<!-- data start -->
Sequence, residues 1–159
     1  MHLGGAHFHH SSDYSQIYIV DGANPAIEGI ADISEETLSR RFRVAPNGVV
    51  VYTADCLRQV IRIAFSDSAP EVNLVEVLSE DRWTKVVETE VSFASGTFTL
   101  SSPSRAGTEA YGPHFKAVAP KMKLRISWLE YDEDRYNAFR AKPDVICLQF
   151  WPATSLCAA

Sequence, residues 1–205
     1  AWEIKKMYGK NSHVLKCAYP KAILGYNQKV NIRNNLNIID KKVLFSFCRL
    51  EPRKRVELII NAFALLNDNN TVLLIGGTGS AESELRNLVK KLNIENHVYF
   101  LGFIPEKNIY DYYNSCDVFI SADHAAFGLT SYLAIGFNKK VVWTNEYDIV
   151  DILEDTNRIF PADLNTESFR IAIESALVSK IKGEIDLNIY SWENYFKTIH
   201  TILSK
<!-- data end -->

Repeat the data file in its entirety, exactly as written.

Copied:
Sequence, residues 1–159
     1  MHLGGAHFHH SSDYSQIYIV DGANPAIEGI ADISEETLSR RFRVAPNGVV
    51  VYTADCLRQV IRIAFSDSAP EVNLVEVLSE DRWTKVVETE VSFASGTFTL
   101  SSPSRAGTEA YGPHFKAVAP KMKLRISWLE YDEDRYNAFR AKPDVICLQF
   151  WPATSLCAA

Sequence, residues 1–205
     1  AWEIKKMYGK NSHVLKCAYP KAILGYNQKV NIRNNLNIID KKVLFSFCRL
    51  EPRKRVELII NAFALLNDNN TVLLIGGTGS AESELRNLVK KLNIENHVYF
   101  LGFIPEKNIY DYYNSCDVFI SADHAAFGLT SYLAIGFNKK VVWTNEYDIV
   151  DILEDTNRIF PADLNTESFR IAIESALVSK IKGEIDLNIY SWENYFKTIH
   201  TILSK